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  • A woman lies on a bed in a dormitory at the Adelanto immigration detention center, which is run by the Geo Group Inc., in Adelanto, California, April 13, 2017.

    A woman lies on a bed in a dormitory at the Adelanto immigration detention center, which is run by the Geo Group Inc., in Adelanto, California, April 13, 2017. | Photo: Reuters

Published 7 May 2017

NORCOR has been called “a secret ICE jail” and a bug-infested dungeon where detainees aren't given any time to go outdoors or contact their families.

Immigrant detainees are declaring their first victory after ending a 6-day hunger strike to improve “unconscionable” conditions at a jail contracted by U.S. Immigration and Customs Enforcement in The Dalles, a community in rural Oregon. The prison, Northern Oregon Regional Corrections Facility or NORCOR, has agreed to provide the incarcerated civil detainees with radios, full sets of clothing including socks and access to programs for inmates, according to administrators at the prison.

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Detainees, who also complained of only receiving one hot meal per day and milk once a week, will reportedly also gain access to a new menu with improved choices that meet basic nutritional standards, authorities say.

“We are relieved that the hunger strikers are eating again, but sorely disappointed it took six days without food and very little water to get NORCOR to provide microwaves and radios,” said Solea Kabakov in a statement released Friday by community solidarity group Gorge ICE Resistance. “NORCOR has a reputation for its horrible treatment of those inside its walls despite its big budget. The Dalles is a wonderful community of people who take care of each other, and I question whether NORCOR shares our values and uses our tax dollars appropriately.”

The hunger strike was launched May 1, International Workers' Day, a date chosen by detainees due to its significance as a national day of migrant justice struggle and a global day for fighting to improve the social rights of workers, organizers in the Pacific Northwest region said.

“They were threatened to be broken up into cells for monitoring if they didn’t quit their protest,” Gorge ICE Resistance member Amy Krol told teleSUR.

“We met with a hunger striker who is being held in prison-like settings for over a year even though they are not charged with any crime,” local clergyman John Boonstra, who documented inhumane conditions at the facility in visits with detainees, said in a statement by the group Saturday. “Conditions are so bad that they are risking their own health and safety to bring these unjust realities to the public eye.”

The action was also the organic extension of a nearly month-long hunger strike that began at Northwest Detention Center, or NWDC, in Tacoma, Washington. The notorious GEO Group for-profit detention compound has been stricken by waves of hunger strikes, with up to 750 immigrants refusing their food at different points throughout the past month.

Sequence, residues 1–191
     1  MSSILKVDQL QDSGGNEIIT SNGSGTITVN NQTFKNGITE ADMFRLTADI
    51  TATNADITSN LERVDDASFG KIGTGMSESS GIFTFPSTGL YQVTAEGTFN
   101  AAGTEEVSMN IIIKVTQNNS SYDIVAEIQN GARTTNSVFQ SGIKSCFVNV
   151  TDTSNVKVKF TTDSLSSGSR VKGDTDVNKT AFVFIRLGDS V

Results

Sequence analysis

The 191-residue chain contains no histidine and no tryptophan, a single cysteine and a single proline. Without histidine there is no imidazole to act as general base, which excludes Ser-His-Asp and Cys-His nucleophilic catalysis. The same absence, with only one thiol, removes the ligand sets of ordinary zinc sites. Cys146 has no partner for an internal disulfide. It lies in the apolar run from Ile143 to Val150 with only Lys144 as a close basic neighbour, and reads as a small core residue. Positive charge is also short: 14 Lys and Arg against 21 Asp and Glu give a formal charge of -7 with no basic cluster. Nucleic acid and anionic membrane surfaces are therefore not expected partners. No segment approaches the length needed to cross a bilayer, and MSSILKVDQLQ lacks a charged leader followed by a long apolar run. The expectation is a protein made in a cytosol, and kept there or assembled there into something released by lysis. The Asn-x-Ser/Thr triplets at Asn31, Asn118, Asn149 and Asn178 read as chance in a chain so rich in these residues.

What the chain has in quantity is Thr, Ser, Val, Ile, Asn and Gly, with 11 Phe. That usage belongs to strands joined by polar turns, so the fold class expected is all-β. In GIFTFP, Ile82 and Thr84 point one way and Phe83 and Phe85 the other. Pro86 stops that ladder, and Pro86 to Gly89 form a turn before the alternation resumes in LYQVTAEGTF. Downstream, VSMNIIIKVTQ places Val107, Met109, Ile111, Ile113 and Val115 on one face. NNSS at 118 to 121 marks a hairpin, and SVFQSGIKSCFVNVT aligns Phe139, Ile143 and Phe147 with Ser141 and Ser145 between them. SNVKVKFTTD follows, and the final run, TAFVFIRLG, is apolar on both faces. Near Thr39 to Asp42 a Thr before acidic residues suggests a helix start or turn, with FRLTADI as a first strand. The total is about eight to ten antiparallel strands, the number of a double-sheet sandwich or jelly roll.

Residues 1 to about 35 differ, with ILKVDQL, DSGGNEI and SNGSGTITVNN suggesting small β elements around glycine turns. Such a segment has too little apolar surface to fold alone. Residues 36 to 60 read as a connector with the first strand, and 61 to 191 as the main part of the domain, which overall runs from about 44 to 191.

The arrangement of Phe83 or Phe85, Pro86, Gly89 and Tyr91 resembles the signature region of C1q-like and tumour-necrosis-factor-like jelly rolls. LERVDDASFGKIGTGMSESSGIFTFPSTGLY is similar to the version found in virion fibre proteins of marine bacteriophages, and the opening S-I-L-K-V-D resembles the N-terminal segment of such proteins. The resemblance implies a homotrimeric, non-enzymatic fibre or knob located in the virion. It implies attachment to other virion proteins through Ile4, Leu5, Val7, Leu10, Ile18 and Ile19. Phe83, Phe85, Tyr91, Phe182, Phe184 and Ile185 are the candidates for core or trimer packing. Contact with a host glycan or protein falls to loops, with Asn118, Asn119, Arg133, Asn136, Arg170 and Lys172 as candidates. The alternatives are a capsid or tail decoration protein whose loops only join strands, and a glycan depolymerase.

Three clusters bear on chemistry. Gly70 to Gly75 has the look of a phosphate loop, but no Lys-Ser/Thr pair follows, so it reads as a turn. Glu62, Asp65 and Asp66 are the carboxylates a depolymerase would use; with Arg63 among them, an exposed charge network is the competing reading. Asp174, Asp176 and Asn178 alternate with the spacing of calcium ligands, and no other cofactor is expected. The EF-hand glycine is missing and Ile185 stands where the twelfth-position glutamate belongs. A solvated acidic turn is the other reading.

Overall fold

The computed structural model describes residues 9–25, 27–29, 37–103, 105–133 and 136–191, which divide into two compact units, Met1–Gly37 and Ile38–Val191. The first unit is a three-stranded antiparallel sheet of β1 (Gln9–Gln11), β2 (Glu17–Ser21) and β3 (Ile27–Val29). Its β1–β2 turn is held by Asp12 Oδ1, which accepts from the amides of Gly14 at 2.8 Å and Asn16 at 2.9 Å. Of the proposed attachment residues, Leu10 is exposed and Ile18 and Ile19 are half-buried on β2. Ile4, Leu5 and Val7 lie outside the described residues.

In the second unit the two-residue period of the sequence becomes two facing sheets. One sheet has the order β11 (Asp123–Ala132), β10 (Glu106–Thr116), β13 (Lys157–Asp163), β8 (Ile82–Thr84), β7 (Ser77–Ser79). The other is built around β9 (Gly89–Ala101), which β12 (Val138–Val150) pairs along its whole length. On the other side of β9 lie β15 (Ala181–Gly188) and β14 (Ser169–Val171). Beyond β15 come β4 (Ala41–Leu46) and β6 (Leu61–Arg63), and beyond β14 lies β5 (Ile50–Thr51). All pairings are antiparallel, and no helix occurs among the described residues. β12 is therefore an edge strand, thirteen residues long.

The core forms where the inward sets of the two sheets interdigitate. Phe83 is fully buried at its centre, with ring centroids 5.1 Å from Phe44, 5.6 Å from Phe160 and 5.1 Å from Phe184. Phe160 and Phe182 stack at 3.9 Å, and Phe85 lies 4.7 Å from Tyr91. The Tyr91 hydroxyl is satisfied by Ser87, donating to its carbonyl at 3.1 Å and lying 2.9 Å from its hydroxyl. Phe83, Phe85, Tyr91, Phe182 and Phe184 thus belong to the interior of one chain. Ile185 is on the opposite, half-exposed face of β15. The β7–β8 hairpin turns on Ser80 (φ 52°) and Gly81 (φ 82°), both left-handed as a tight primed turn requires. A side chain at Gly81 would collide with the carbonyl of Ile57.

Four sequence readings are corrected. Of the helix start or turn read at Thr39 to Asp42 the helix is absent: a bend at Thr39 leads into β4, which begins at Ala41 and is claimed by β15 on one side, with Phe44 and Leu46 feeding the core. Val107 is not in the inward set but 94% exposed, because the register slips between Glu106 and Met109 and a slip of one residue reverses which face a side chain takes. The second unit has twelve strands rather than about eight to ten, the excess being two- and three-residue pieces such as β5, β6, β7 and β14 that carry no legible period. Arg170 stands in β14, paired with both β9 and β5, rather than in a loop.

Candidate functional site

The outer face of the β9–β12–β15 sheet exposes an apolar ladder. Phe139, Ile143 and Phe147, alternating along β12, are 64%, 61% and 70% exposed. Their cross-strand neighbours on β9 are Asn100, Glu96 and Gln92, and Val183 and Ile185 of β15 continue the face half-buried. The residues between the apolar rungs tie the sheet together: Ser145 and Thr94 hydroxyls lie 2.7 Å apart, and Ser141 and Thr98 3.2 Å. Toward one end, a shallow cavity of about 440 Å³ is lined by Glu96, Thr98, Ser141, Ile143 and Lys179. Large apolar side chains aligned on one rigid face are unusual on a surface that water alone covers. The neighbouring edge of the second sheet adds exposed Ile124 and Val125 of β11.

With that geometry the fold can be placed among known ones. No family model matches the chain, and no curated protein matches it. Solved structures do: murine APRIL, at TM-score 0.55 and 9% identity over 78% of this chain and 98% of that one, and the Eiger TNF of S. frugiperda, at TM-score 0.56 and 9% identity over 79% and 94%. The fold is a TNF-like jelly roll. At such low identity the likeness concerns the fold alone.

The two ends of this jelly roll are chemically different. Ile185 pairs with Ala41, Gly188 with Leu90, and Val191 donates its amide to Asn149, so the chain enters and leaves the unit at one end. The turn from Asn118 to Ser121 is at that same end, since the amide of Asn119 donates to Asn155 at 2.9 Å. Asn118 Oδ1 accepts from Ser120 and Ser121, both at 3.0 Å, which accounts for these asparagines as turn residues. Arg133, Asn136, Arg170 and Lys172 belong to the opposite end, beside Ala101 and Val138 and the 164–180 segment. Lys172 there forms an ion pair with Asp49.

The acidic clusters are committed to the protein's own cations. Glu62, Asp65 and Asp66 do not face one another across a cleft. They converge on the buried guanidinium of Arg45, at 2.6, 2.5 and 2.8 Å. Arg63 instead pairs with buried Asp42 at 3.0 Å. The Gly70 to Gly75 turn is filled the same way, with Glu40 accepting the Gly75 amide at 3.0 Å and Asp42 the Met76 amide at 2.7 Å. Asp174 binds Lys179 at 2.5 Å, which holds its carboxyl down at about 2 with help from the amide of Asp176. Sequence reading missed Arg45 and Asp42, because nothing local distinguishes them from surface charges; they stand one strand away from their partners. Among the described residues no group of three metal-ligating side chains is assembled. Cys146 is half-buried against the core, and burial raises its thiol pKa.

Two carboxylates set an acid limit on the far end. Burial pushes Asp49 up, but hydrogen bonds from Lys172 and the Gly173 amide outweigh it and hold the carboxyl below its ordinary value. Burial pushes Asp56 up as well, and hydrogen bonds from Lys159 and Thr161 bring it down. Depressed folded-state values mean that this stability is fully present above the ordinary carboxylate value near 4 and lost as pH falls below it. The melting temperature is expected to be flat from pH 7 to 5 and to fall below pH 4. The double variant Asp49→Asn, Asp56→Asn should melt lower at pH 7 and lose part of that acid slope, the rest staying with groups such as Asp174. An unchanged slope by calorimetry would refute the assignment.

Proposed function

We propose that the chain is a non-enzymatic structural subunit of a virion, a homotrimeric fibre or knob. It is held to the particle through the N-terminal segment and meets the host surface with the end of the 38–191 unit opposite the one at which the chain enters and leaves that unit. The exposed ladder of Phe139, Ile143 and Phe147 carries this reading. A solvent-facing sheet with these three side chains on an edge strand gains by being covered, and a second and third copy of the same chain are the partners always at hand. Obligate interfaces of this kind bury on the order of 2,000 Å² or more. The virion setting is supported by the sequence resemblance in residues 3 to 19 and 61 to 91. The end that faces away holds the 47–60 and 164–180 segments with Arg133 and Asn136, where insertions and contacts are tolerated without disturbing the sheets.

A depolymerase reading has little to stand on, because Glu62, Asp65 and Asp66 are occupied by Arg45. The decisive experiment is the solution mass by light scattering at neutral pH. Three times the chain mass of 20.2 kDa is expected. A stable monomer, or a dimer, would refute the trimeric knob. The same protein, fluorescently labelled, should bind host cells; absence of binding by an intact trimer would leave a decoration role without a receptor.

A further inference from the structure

“As many as half of the people detained by ICE at the infamous Tacoma facility have taken part in hunger strikes," said Oregon Socialist Renewal. "The facility in The Dalles is a place no one wants to be transferred to.”

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Abused and 'Forgotten,' Half of Detainees at For-Profit ICE Prison Join Hunger Strike

The American Civil Liberties Union of Oregon referred to NORCOR as “Oregon's secret ICE jail,” a bug-infested dungeon where detainees aren't given time to go outdoors.

“Conditions (at NORCOR) are abysmal," Mat Dos Santos, legal director of the Oregon ACLU, told the Associated Press. "The food is composed mainly of bread with little nutritional value. They don't even get issued socks. They have to purchase them. They live in worse conditions than those people being held as criminals."

Dos Santos also said that ICE detainees have no access to family visitors, only clergy and lawyers, and are unable to work to earn money, resulting in an inability to pay for expensive pay-phone calls that cost 25 cents per minute.

"They feel completely isolated," Dos Santos told AP. "There is a sense of desperation. This initiated the desire to start a hunger strike."

Two of the hunger strikers reportedly have children outside of the detention center but have been incarcerated for over two years, according to the Gorge ICE Resistance statement.

“All of the hunger strikers we spoke to shared that while they may not see the fruits of their labor, they know that taking this stand will make a difference for other immigrants,” said Judy Zimmerman, a clergy member who met with the detainees.

Local community members are continuing to express support for the locked-up immigrants and are urging administrators to swiftly fulfill the promised improvements. They also have vowed to continue holding pickets outside the jail until ICE cancel its contract with NORCOR and civil detainees are no longer held at the facility.

The advocates have accused authorities of breaking laws meant to prevent state and local law enforcement from using Oregon public resources to enforce federal immigration law

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